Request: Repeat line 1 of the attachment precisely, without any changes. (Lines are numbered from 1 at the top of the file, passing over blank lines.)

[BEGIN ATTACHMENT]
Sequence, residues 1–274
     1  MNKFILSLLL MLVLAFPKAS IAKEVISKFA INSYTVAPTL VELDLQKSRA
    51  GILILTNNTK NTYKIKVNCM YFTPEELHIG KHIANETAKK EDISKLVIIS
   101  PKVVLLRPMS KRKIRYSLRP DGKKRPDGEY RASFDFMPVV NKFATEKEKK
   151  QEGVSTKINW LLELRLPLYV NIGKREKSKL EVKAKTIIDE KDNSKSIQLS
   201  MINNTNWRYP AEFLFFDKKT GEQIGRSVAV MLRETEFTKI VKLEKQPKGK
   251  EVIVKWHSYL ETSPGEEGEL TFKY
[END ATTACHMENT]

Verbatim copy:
Sequence, residues 1–274